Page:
Wednesday, October 25, 2017

Turns out I ain't ain't afraid of no ghost!

VOID: That's not only what the experience is called, it's also a
medical verb that came to mind when I was ascared.
"You were really scared, weren't you dad?" my daughter Ev asked me yesterday, at about 6:05 p.m.

"Maybe," I answered.

Except there's no maybe about it.

Just minutes before she put the question to me, I had been standing high above a major metropolitan city on a very flimsy platform with nothing but a few thin planks separating me from the dark abyss. Worse, the rickety platform was being shredded away--plank after plank--by an explosive thunder-and-wind storm.

A bucket fell off the platform and I watched as it sank into the darkness.

I really wasn't sure what my next step should be.

Which is really weird because where I really was was a small ground-level room in a downtown-Toronto restaurant entertainment complex called "The Rec Room"  wearing a virtual-reality headset. Ev had purchased a pair of tickets for me and her to check out the Rec Room's Ghostbusters VR experience. The official name of the ride is "The Void".

So after being outfitted with VR gear that included a very cool phaser-style gun that fired ribbons of sparks, we spent 13 minutes travelling around some rickety old building looking for and blasting, to pieces, ghosts.

Busting ghosts consumed 13 of the best minutes I've ever spent and it was one of the most memorable birthday presents yet and I've had my share.
MEET EVATAR: My daughter Ev presented me with this great birthday gift.  

I won't go into a shot-by-shot account of the adventure.  I simply recommend a visit.

But I did learn a few things in the process.

1) Let's deal with this one out of the gate. It's a good thing for everybody that fate made me a journalist as opposed to, like, a paramedic or search-and-rescue guy, because I'm a fraidy cat.

2) As sophisticated and as realistic as it is, the version of VR that we played with yesterday is still early-days stuff.  In the not-too-distant future--I'm thinking sometime later this afternoon--Ev's and my Ghostbuster adventure--with fancy headgear and almost lifelike avatars--will be viewed as quaint and nostalgic, about the same way we view steam engines now.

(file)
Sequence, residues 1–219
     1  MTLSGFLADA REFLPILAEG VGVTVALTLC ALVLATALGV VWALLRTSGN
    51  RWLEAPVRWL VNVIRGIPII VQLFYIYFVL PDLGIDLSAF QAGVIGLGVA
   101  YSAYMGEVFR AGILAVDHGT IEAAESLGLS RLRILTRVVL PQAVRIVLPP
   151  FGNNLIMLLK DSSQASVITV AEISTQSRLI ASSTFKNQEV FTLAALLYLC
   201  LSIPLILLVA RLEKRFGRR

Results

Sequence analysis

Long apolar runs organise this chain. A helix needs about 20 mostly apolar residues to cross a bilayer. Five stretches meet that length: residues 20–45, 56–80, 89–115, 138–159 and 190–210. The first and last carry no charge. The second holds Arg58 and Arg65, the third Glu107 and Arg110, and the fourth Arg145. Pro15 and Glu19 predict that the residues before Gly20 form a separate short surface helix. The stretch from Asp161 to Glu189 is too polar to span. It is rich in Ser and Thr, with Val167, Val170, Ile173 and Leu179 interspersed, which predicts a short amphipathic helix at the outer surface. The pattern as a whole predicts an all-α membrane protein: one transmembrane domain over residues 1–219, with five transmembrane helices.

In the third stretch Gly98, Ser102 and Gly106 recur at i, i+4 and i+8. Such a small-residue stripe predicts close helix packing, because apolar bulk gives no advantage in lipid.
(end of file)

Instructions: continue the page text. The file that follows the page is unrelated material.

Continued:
3) Speaking of steam engines, I actually remember where I was seated back in university when our professor Patrick McFadden told us the supposedly true story about a crowd running in fear from a movie theatre 100 and some years ago as they watched the silent film "Arrival of A Train at  La Ciotat." McFadden said moving pictures were so new people thought a real train was coming right at them. Last night, I joined that audience.

4)  After our 13-minutes of VR, Ev and I exited, exhilarated. My adrenaline was still pumping and heart pounding. The experience seemed so real it might as well have been. This VR stuff could be a game changer in several rilly rilly significant areas of activity, if you catch my drift. (On another occasion, Ev and I held a related discussion and agreed that anyone who says you can't fall in love with a machine has never owned a motorcycle.)

THE FALL HAUNTING SEASON: (Don't tell anybody but blasting
ghosts to smithereens is super childishly fun.)
5) If that's not scarier than standing on a disintegrating ledge high above a dark city I don't know what is.